Wednesday, December 10, 2008

Deconstructing “The Shack”

“The Shack” has been on the Christian fiction book charts for some time now. I’ll admit that I have only read random portions of the book, choosing instead to rely on a synopsis given to me by my wife. She read the book on the recommendation of others, but she became disturbed by it within the first hundred pages.

Without giving away the details, the book can be summarized as an attempt to bring God closer to man in a rather unique way. The main character in the book wanders away from God due to a set of terrible circumstances, but receives an invitation from God one day to meet at “the shack”. The remainder of the book has the character being drawn back to God through a series of informal discussions and experiences as God is “brought down to earth” for us.

This sounds good on the surface, and is indeed a valuable lesson for us to learn. God did come to earth in the form of His Son, who took on human form in order to experience a life on earth, without sin. His life was put to an end at the hands of cruel men, and we find that this earthly form was necessary for Him to become our sin substitute. Without this earthly form, and the shedding of His blood, we would not be able to be found faultless before God, avoiding our deserved condemnation for all eternity. “The Shack”, however, goes well beyond the Biblical account in its portrayal of the Holy three-in-one.

The book portrays God as a motherly old black woman, who sometimes can be found in the middle of ordinary tasks such as baking a cake, and often talking in phrases and contractions reminiscent of “Mammy” from Gone With The Wind. At least, that is the picture that I get in my mind. Jesus is portrayed as a young man, sometimes clumsy like an adolescent, with a degree of wisdom and a somewhat carefree nature. The Holy Spirit is revealed as a more ethereal being, less like a human form than the others and sometimes characterized like a riddle-speaking mystic.

As the main character interfaces with these individuals, the conversation often takes on a sort of careless banter, as if they are in some way equal to each other. God has the task of convincing the man that he should return to a right relationship with Him, but it is done in a very relaxed and irreverent fashion.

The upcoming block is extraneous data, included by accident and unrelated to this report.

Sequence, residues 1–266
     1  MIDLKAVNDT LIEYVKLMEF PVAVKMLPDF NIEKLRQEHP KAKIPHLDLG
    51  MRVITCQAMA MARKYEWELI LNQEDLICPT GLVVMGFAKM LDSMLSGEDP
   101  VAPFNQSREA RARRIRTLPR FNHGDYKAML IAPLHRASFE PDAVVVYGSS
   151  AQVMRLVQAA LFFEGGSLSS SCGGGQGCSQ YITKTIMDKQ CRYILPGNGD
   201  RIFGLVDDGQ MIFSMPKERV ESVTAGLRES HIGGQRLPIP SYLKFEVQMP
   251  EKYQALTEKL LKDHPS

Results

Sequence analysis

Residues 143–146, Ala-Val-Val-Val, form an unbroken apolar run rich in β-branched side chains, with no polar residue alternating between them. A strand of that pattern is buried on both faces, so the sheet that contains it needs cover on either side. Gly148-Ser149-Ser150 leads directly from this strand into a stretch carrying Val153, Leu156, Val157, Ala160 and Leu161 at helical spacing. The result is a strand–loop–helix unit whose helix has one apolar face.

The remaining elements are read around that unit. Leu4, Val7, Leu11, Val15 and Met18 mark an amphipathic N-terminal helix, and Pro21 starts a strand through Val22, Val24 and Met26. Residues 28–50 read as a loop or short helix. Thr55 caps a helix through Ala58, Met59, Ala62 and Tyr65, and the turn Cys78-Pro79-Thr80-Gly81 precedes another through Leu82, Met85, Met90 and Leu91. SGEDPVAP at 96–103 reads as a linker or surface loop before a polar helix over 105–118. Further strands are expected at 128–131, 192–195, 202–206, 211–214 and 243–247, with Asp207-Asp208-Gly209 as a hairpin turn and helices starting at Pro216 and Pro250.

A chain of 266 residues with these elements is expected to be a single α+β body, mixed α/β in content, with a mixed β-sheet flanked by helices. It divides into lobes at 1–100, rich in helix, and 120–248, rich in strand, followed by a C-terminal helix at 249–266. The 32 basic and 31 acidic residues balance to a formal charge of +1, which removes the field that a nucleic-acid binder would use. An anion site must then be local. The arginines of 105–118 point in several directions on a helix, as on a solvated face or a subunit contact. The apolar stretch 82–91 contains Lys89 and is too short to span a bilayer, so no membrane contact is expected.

This is not how I picture God, Jesus and the Holy Spirit. And it’s not the character of the Trinity that I read about in the Bible.

In the book of Jude, the author speaks of godless men who have crept into their community. In verses eight through ten, he says, “In the very same way, these dreamers pollute their own bodies, reject authority and slander celestial beings. But even the archangel Michael, when he was disputing with the devil about the body of Moses, did not dare to bring a slanderous accusation against him, but said, "The Lord rebuke you!" Yet these men speak abusively against whatever they do not understand; and what things they do understand by instinct, like unreasoning animals—these are the very things that destroy them.” I must say that I have spoken out loud to Satan in rebuke before. But this act takes on a new look when approached in the context of this verse. If Michael would not speak directly to Satan to rebuke him, shouldn’t I take care in how I regard spirits, both good and evil? It seems as if there is a much greater gulf between us and the realm of angels and demons than we can fully understand. And if such reverence is shown to Satan by the angels, how then should we humans revere God, the Son, and the Holy Spirit?

The Bible contains many references of God revealing Himself to men, and in each case man is on his knees and face in awe of God. God’s glory is so powerful that it made Moses’ face shine just to be exposed to it. Time after time, the appearance of angels to men in the Bible is accompanied by the request to “Fear not!” This is an accurate representation of the God that I serve. His power and holiness is so perfect and inspiring that we will not even be able to stand in His presence.

While I can appreciate certain lessons put forth in “The Shack”, such as reconciliation with God, I am disturbed at the cheapening of His awesome glory put forth in the book. One could make the point that I have not read the entire book, and should not be so quick to draw a conclusion. That concern has some validity. But I am choosing not to read the remainder of the book for the very reason that I want nothing to dispel the awesome majesty of the God that I read about in the Bible. This is the image of God that I want in my mind’s eye, as set forth by His word, not a popular work of fiction. “Oh be careful little eyes what you read…”